I knew it was large — it was quite heavy. About 10 feet from the boat with the leader visible, Aaron reached out to grab the leader as the fish showed itself. Its long beak swung side to side as Aaron jerked his hand back just in time to avoid being sliced by a mouth of teeth. It was a gar — a big one.
“Oh crap,” Aaron yelled. “That the biggest gar I’ve ever seen.”
Aaron grabbed the leader and pulled the huge fish to the boat. It was subdued. Tired. Ready to be de-hooked and let go. The large teeth had scraped the Yo-Zuri so badly it was hardly recognizable. The big eyes looked up at us and Aaron picked the hooks out and released the fish.
During all of the excitement, the weather had changed without our noticing it. A thick fog had enveloped the boat and I looked up to see the bridge to fix our position.
It was gone.
I also couldn’t hear traffic noises.
The GPS showed our position to be a few hundred yards from Rocky Bluff. The fog was so thick, we couldn’t see shore. So rather than blindly drifting toward the bridge, we dropped anchor. At least I knew were in safe water. At least, I thought so.
Within minutes we heard an odd singing sound. It reminded me of the sound of the wind whistling through the fishing lines on windy days. It swayed up and down in pitch — sometimes in harmony and other times out of tune.
“Is that the fishing lines making that noise?” asked Aaron.
“It should be,” I responded, “but there ain’t no wind. You need wind to cause that sound.”
Then a horrible stench filled the air. I gagged. Aaron did the same.
“What is that?” he exclaimed. “It smells like rotten flesh and body odor mixed together.”
He was right. It was possibly the worst smell I’ve ever experienced. I hung my head over the boat, ready to throw up.
Then I saw an odd-looking vessel approaching in the fog. It appeared to be an old wooden schooner with two masts — 30-40 feet long. As it got closer, the humming got louder, the stench unbearable.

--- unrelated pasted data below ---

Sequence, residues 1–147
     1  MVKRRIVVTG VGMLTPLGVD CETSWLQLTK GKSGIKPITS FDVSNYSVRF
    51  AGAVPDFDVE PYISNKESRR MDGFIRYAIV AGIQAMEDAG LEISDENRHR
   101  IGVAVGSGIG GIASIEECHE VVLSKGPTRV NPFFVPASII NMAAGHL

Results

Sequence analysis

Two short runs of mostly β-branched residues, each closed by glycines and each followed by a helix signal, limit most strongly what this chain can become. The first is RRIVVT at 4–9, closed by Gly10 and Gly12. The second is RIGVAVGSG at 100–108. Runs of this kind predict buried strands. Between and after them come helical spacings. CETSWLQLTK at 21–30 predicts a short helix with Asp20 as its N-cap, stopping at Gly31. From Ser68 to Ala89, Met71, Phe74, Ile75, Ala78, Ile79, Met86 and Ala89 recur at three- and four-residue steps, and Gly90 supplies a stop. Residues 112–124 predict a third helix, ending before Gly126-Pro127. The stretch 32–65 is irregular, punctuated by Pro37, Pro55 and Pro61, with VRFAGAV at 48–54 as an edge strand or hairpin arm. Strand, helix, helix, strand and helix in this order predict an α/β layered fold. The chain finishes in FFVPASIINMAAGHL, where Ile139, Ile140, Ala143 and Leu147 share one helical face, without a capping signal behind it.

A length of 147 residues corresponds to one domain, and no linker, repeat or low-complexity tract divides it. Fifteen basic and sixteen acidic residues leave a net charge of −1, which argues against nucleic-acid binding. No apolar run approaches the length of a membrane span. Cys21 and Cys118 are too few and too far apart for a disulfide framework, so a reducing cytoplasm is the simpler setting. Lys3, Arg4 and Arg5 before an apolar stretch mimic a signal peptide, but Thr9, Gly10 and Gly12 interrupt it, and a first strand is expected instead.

I yelled, “Hey look out!” I flashed my anchor light and shined my Mag-light as a warning.
The boat came toward us until it was along our starboard side. A figure jumped down from the helm and ran alongside the gunwale. I heard a loud crash. A large double hook attached to a thin rope had landed on the deck of my boat. The rope immediately pulled taught as the hook fastened to my starboard gunwale. It appeared we were going to be boarded.
Luckily, Aaron had pulled anchor as the boat approached, anticipating the need to move quickly. We were moving all right — being dragged by the rope and grapple hook.
“Quien eres?” shouted the person. “Quien eres?”
He was asking who we were in Spanish. The shock of what was happening diminished a polite response.
“What the hell are you doing?” I yelled back.
“Callate la boca!” the man shouted. “Eres mio ahora!”
He told me to shut up and that we were his prisoners. I reached under the console and hit the rocker switch for my floodlight. Immediately, the boat lit up and most of the invader’s boat, too.
I could clearly see our assailant. He had black hair, a black beard and dark leathery skin. He had no shirt, showing a skinny but muscular torso. He looked slightly malnourished, yet he was strong and quick. His deep-set bloodshot eyes glared at me. I could see he had a machete in one hand and what looked like a handgun in the other. Upon further inspection, I could see the handgun resembled an old flintlock gun from times long ago.
At the moment the flood light came on, he stopped yelling and paused. With a confused and almost fearful look on his face, he examined our boat. It was as if he had never seen anything like it before.
He pointed the gun at my face.
“Que es esto?” he grumbled. What is this? “Que es esto?” he yelled.
By this time Aaron was losing his temper. He walked toward the gunwale and reached for the hook to release us.
“We’re outta here, buddy. Danny, start the engine,” he shouted.